Fear keeps Chinese travelers away from two of Asia’s most popular places

Japan and Thailand are two of the most popular places to visit in Asia.

But both are losing ground among Chinese nationals as security concerns rise among younger travelers.

Both countries were top choices for Chinese vacationers earlier this year, but fell in the third quarter – Thailand to 6th and Japan to 8th – according to marketing firm China Trading Desk, which gauges tourist confidence Chinese on a quarterly basis.

Japan: food security

The release of radioactive wastewater treated by Japan’s Fukushima nuclear power plant into the Pacific Ocean in August has significantly affected the way Chinese people plan to travel there, said Subramania Bhatt, CEO of China Trading Desk, the marketing agency behind the survey.

Thailand: compound scams

In a twist on the “set throw” trend – in which films and TV shows attract tourists to visit their filming locations – several blockbuster films released this summer are deterring Chinese travelers from visiting Thailand.

Recent Chinese films »Lost in the stars” And “Nothing is going well anymore” are both fictional and neither set in Thailand, but some say the storylines accurately reflect real-life events that have made headlines in recent years – including a Chinese incident. woman who was pushed off a cliff by her husband in Thailand in 2019. (She broke 17 bones — but survived.)

Organized scams a growing problem in Southeast Asia, says UN

That’s especially true in “No More Bets,” which follows a young couple lured to Southeast Asia to take on new jobs, only to find themselves trapped in an online scam complex – a situation that According to United Nations estimates, this happens to hundreds of thousands of people in the region.

Many resorts are in border areas outside Thailand – in Cambodia, Laos and Myanmar – often in special economic zones where there is “little or no rule of law”, according to the United Nations. Victims come from across Southeast and South Asia, as well as mainland China, Taiwan and even Latin America, the statement said.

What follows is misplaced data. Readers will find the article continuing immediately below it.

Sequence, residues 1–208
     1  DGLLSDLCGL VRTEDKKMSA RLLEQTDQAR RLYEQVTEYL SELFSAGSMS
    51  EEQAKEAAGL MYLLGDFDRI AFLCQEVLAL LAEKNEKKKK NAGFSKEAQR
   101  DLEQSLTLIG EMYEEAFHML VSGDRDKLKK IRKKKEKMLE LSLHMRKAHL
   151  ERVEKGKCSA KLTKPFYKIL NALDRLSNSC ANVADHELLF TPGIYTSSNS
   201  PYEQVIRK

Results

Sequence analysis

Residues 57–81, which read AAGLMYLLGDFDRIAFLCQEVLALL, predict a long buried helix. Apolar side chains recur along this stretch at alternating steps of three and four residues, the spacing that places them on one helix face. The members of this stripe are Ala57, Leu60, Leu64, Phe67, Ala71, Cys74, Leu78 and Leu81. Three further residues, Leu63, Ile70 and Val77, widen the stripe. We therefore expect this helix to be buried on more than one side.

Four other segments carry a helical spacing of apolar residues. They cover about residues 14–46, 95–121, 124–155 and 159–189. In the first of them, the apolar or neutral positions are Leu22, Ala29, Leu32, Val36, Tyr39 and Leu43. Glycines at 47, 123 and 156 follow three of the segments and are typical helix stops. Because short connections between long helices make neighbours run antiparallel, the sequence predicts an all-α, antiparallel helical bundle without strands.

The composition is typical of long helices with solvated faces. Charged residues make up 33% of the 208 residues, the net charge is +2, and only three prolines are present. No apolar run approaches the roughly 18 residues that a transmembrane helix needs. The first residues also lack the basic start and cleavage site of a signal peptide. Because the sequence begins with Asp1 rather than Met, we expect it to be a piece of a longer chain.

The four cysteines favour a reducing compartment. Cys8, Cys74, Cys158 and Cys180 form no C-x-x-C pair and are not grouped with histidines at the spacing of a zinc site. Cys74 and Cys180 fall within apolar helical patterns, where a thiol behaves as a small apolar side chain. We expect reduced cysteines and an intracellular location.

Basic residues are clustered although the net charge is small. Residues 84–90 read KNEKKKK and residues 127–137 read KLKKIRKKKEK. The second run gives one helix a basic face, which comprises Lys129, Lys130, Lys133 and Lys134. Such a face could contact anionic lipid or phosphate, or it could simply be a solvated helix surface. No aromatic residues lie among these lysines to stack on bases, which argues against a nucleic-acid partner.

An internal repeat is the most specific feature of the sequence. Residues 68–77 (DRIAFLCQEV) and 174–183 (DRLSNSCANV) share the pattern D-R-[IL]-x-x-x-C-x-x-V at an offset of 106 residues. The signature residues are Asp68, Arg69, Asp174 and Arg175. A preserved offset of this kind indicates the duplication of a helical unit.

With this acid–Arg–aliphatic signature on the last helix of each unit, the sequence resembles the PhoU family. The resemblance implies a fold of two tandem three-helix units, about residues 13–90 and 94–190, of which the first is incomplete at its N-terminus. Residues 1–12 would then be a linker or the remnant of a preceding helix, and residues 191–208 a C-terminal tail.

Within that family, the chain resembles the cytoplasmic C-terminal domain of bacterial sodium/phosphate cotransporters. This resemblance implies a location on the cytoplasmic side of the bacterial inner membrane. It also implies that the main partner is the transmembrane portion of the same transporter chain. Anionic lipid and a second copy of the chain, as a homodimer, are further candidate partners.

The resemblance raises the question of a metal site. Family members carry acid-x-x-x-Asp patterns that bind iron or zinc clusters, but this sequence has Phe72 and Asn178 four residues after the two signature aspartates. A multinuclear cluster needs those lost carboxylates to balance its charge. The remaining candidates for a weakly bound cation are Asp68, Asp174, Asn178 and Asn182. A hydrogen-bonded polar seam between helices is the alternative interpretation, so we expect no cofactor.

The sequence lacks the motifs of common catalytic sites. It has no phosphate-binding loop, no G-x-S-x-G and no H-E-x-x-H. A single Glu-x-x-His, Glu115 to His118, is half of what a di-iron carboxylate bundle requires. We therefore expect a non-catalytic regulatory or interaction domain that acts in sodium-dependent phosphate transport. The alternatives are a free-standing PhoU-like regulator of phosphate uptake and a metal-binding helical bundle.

The problem has worsened since the Covid-19 pandemic, said Pia Oberoi, senior adviser on migration and human rights in Asia-Pacific for the Office of the United Nations High Commissioner for Human Rights, as casino operators’ customer base declined in the wake of Covid. – linked border closures.

“A number of complexes… have been repurposed by transnational criminal groups into places where people are forced to commit fraud against other people. So we’re saying there are two groups of victims here… people who have been scammed in many cases for lots and lots of money, but also others who are forced to participate in these scams in the centers of the Southeast Asian region,” she told “Squawk Box Asia” on Monday.

Beyond the scams, the zones would function as “lawless playgrounds,” where drug, wildlife and human trafficking are commonplace.

“It’s an incredibly lucrative business. Billions of dollars are generated,” Oberoi said.

Dangers for tourists?

A man walks near a casino along the Myanmar-China border, known to be a hotbed of drug, wildlife and human trafficking.

Ye Aung Game | Afp | Getty Images

She said governments were taking steps to intervene, but more needed to be done to address the region’s deep-rooted problems related to corruption and respect for the rule of law.

“We have seen a road map between ASEAN and the People’s Republic of China regarding the law enforcement response, but what we really want to focus on, of course, is the people who have been caught up,” she told CNBC. “There were horrific levels of violence and abuse by those forced to commit these crimes.”

Tourism as a catalyst for change

In 2019, some 11 million Chinese travelers visited Thailand, making China the country’s largest source market for inbound visitors, according to Reuters.

In September, less than 2.5 million Chinese nationals visited Thailand, according to the Thai Ministry of Tourism and Sports, much less than the 5 million planned by the Thai authorities this year.

As for whether tourism – among other things – could put economic pressure on Southeast Asian governments to do more, Oberoi said: “We hope that a human rights response man will lead the way into the future – governments will understand that in reality, the country’s reputation depends on a comprehensive response.”

Cambodia banned “No More Bets” from cinemas, but that didn’t stop it from bringing in nearly $500 million in Chinafrom the beginning of September.

“Some ‘No More Bets’ viewers even expressed fears that traveling to the region could put their lives at risk,” said Bhatt of China Trading Desk. “Over time, Southeast Asia has become increasingly associated with danger, and what was once a popular destination for outbound tourism has now acquired a negative connotation.”


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